UPDATE: 12:00 PM: Rival Blockbuster has just pounced on Netflix’s public relations problem, announcing that it is launching a nationwide promotion in which existing Netflix customers who switch to one of Blockbuster’s two Total Access plans (1 disc at a time for $9.99 a month or 2 discs at a time for $14.99 a month) will receive a 30-day free trial. The company, which recently was purchased at a bankruptcy auction by Dish Network, said that besides a lower price it offers benefits Netflix doesn’t: availability of many new releases 28 days before Netflix, unlimited in-store exchanges, video game rentals and no extra charge for Blu-ray movies. “Blockbuster quickly responded to the cries of Netflix customers,” Blockbuster president Michael Kelly said in the release announcing the promotion. “Blockbuster Total Access is Netflix ‘without the wait.’ The combination of DVDs by mail and unlimited in-store exchanges provides more than 100 million people living near Blockbuster stores immediate convenience and unparalleled choice.” The offer is good through Sept. 15; Netflix customers can go to Blockbuster’s website to enroll or show a red Netflix envelope at a Blockbuster store.

PREVIOUS, 10:11 AM: It’s shocking to see how badly Netflix appears to have underestimated the general confusion and anger that has followed the announcement on Tuesday that it’s raising by 60% the price of its combo DVD-by-mail rental and video-streaming service. More than 5,000 mostly furious customers responded to the Netflix blog post unveiling what BTIG analyst Richard Greenfield calls “perhaps the boldest single move in (Netflix) history.” And Netflix shares are down about 3.6% in midday trading as Wall Street wonders whether the company raised prices enough to cover revenue it will lose from people who cancel the service. Lazard Capital Markets’ Barton Crockett says that “few will pay the jarringly higher price” for the streaming and DVD combo plan and “most will move to (Netflix’s) cheaper streaming-only” service. Netflix could lose some of its most profitable customers — the ones who pay the monthly fee for DVD rentals but don’t bother to order many discs. Merriman Capital’s Eric Wold says he “would not be surprised” if many of those subscribers bailed on Netflix to rent DVDs from Redbox’s $1-a-night kiosks. But Goldman Sachs’ Ingrid Chung says Netflix will probably come out ahead: The company makes a much higher profit from streaming than it does from DVD rental, and “a very high number of subs would have to churn off to offset the pricing increase.”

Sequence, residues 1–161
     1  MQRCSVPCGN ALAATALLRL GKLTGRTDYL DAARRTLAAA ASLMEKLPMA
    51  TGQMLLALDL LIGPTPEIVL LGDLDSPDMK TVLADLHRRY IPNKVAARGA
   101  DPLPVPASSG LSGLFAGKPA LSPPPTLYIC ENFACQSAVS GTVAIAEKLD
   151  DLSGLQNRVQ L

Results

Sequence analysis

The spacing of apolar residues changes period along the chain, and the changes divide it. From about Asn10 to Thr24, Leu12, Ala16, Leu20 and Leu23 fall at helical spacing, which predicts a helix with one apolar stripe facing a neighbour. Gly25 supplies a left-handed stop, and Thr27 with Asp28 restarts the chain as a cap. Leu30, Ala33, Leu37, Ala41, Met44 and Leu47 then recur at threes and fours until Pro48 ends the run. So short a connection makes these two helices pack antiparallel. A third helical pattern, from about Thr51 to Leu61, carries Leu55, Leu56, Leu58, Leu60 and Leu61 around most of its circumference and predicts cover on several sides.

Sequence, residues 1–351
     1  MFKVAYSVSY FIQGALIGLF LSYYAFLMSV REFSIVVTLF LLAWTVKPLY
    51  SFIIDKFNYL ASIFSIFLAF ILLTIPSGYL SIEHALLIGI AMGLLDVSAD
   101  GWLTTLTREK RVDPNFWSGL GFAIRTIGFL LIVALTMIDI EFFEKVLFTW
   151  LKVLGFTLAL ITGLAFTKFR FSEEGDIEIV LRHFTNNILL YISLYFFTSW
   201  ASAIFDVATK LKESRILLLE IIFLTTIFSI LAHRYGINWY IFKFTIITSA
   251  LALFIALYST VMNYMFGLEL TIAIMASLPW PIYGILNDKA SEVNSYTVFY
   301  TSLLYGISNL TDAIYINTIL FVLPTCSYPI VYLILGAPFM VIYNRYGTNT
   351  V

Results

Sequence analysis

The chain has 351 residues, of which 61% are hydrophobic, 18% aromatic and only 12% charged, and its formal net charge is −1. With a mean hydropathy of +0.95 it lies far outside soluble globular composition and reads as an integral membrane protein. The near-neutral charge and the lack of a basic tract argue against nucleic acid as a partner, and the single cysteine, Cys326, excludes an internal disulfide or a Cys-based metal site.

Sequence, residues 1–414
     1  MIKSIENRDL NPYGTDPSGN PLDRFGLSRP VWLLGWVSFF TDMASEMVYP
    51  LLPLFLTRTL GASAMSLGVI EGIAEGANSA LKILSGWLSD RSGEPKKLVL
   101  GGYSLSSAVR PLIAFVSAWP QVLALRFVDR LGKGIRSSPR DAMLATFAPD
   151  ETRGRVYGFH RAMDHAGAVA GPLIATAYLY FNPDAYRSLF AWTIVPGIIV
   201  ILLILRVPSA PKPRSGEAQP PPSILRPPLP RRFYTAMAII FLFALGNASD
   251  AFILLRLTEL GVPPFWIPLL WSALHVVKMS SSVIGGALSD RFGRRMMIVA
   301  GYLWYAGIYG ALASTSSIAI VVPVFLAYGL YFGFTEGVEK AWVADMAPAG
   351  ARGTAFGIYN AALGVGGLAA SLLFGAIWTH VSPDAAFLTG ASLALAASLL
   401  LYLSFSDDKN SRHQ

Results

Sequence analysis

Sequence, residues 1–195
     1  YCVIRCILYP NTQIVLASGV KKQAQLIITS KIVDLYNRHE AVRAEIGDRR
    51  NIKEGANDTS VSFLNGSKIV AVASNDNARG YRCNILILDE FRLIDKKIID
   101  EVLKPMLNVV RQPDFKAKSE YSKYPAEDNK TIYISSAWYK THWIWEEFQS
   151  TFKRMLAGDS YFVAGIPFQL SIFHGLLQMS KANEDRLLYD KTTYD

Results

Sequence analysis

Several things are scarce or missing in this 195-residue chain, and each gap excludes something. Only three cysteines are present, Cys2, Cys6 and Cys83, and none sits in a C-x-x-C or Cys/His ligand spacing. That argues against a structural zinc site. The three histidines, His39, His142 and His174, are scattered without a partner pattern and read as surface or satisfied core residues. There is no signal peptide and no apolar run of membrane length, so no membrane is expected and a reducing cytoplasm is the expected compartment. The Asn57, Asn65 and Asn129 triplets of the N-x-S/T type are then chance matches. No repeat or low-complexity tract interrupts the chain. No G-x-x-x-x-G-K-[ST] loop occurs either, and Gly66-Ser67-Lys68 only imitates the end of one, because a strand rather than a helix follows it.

Whatever the case, the Street wants to hear Netflix answer tough questions about its strategy on July 25 when executives discuss quarterly earnings. It would be a big change if Netflix’s price hike signals that it’s giving up its effort to amass as many subscribers as possible — including many cable customers who might cut the cord in favor of a cheaper video service. Netflix’s subscriber base grew 63%, to 22.8 million, in the year that ended in March.